If a system is splitted into several modules, updates to some of these modules can then seamlessly provided by the company that deploy the OS. There is then no need to wait for new features (like new apps) that do not interfere with the manfacturer or retailer UI, or waiting for security fixes.
Even upgrading toolkits can be done easily. The transition from Qt4 to Qt5 can be done by two sets of “graphics tools metapackages”, that do not conflicts one to another. A message from the server to users might however indicate that the old one is not being officially supported, although still usable. Developers should then be warned as well, that the API they are using should no longer be used.
Something that can help transitionning in a smooth way is binary compatibility. Many opensource libraries (including Qt) tries to be binary compatible. If an application is compiled with Qt X.Y.Z, it will run without recompilation with Qt X.A.B where
A >= Y and B >= Z. Interpreted programs, that are for example written in python are also compatible, because they are interpreted, and do not link to libraries. Instead, a program reads the code and execute what the code says. Even if this program changes, the expected behaviour should be the same, so there is also a compatibility.
Binary compatibility will help shipping updates (either security or features) without breaking existing applications, including constructors and retailers skins.
The points raised shoud match both Android and Jolla, that might expect fragmentation problem in their product (in fact, Android is already having this problem). Splitting the OS into several components, or set of packages, and updates them in an agile way. Release often small updates, and keep binary compatibility guarantees that the OS is up-to-date, despite manufacturers and carriers customizations.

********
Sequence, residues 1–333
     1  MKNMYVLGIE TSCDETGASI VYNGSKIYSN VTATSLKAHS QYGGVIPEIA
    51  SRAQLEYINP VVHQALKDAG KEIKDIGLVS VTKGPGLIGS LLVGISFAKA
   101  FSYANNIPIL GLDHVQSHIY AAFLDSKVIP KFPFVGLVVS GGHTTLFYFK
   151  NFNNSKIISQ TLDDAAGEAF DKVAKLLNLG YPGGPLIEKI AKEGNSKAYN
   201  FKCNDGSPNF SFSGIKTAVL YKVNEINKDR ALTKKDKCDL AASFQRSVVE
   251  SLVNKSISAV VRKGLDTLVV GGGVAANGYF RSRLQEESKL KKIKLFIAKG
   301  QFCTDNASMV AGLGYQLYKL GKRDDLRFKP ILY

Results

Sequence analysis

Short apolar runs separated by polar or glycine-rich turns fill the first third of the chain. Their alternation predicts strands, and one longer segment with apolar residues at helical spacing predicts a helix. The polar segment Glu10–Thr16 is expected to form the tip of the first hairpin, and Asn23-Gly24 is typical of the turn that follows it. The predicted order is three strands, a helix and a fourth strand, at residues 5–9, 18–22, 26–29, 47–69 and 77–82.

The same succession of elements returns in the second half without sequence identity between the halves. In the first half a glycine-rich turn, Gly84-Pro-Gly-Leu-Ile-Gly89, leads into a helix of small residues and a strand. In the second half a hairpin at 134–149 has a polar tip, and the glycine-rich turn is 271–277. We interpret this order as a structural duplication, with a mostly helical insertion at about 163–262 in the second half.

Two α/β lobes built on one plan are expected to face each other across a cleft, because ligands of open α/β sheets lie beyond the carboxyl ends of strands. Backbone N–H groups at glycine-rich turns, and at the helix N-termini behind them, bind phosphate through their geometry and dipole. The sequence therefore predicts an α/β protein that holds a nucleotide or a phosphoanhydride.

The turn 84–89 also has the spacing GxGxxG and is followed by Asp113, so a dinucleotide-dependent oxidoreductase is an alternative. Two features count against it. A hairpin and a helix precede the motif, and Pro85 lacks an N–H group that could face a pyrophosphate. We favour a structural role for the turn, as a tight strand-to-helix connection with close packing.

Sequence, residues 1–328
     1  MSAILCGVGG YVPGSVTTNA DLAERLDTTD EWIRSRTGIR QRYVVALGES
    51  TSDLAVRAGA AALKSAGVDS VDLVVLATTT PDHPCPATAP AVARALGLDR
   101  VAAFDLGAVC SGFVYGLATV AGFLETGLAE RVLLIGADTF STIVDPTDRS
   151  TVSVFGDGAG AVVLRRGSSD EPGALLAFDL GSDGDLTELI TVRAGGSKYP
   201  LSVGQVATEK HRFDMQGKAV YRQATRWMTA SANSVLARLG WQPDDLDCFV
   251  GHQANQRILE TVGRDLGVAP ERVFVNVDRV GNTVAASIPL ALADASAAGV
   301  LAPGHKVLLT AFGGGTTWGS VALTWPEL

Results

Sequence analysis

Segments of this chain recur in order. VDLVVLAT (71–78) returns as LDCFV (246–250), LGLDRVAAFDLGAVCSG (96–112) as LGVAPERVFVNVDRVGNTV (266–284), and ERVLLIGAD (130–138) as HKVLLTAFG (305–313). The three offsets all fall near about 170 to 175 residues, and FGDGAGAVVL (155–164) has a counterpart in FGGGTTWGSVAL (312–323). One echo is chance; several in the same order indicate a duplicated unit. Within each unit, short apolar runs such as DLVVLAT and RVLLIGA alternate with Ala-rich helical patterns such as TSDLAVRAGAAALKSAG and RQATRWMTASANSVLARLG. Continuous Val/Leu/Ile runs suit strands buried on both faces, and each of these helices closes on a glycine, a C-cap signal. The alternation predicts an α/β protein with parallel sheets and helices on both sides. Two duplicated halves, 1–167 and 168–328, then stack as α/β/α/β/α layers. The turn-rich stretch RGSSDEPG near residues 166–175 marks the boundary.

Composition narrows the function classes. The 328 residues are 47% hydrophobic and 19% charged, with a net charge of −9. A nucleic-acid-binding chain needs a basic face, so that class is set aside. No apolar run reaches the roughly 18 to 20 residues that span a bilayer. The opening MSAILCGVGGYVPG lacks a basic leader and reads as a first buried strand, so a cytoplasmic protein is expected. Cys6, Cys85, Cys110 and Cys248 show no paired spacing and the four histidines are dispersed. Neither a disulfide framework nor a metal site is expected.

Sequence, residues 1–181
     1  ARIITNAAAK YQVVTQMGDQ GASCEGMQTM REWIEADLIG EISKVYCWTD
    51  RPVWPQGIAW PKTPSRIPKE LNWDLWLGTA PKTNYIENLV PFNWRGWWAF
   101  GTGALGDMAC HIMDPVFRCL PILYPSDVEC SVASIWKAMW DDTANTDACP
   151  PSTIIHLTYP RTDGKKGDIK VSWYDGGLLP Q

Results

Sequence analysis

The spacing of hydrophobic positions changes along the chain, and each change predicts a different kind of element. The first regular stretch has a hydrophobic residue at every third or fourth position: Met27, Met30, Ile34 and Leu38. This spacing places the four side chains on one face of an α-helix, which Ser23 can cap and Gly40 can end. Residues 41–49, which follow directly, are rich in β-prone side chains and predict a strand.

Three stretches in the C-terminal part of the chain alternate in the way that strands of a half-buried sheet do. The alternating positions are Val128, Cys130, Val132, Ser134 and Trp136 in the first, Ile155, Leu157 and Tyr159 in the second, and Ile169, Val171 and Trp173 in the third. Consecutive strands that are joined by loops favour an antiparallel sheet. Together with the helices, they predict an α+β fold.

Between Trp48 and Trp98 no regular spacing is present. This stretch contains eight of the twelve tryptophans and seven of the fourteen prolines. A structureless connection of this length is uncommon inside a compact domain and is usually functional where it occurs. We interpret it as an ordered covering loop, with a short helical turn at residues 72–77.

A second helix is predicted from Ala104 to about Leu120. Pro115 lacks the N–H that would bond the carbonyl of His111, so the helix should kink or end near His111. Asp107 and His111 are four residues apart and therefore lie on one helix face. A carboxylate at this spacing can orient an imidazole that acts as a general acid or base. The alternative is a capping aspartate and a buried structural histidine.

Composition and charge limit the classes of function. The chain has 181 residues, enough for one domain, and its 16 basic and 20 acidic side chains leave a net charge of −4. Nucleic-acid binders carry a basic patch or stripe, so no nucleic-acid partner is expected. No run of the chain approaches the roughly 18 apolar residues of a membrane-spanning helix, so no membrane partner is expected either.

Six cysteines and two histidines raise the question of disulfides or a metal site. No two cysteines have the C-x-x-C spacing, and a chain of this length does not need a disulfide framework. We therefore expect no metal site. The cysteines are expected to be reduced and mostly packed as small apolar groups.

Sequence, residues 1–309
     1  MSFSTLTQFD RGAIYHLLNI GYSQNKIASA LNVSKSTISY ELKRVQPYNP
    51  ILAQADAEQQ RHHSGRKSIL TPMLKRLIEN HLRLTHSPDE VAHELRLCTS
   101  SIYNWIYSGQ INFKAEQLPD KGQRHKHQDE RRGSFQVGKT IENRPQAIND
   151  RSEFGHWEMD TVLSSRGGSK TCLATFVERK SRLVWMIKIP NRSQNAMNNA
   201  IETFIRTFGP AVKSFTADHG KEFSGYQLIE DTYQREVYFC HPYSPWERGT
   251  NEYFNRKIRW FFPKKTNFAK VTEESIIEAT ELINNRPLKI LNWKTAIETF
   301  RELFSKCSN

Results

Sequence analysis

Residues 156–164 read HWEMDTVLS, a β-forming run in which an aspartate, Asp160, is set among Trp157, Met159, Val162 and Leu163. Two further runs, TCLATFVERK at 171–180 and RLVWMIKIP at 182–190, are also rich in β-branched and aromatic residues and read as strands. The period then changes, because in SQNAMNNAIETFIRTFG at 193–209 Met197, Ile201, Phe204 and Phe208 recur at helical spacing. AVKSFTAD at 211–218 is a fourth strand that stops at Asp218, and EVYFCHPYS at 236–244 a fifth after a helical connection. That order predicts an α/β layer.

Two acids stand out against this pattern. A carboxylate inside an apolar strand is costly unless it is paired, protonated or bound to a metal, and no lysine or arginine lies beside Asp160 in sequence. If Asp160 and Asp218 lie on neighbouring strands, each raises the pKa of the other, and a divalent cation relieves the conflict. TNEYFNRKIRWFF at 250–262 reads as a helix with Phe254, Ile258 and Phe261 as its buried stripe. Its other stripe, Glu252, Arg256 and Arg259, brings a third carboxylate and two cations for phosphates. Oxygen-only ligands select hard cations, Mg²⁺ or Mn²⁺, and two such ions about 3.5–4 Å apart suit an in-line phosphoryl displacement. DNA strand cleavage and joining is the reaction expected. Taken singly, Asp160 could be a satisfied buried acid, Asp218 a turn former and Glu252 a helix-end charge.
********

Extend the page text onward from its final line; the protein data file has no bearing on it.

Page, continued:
In exchange, this developement is costly, especially in manpower, since each small release should be tested before being pushed to devices. But small features can be tested more easily and extensively, so more bugs can be hunt before release as well. This way of releasing might also be bad for advertisement, since there are not a lot of feature coming with each release, but small additions.
This also guarantee that old phones will still have decent updates. If they cannot get the next update to apps that needs capacities that they don’t have, they might still get security, kernel, networking etc. updates. It might also possible to deliver to them a light version of the heavy update that is provided to newer devices.
In short, the release of major version evey 6 month might not make sense in a world exposed to security menaces and also where everybody wants changes, quickly. Pushing small updates of different components seems to be a good compromise. There might still be major version break, but only when important, architectural changes, are done.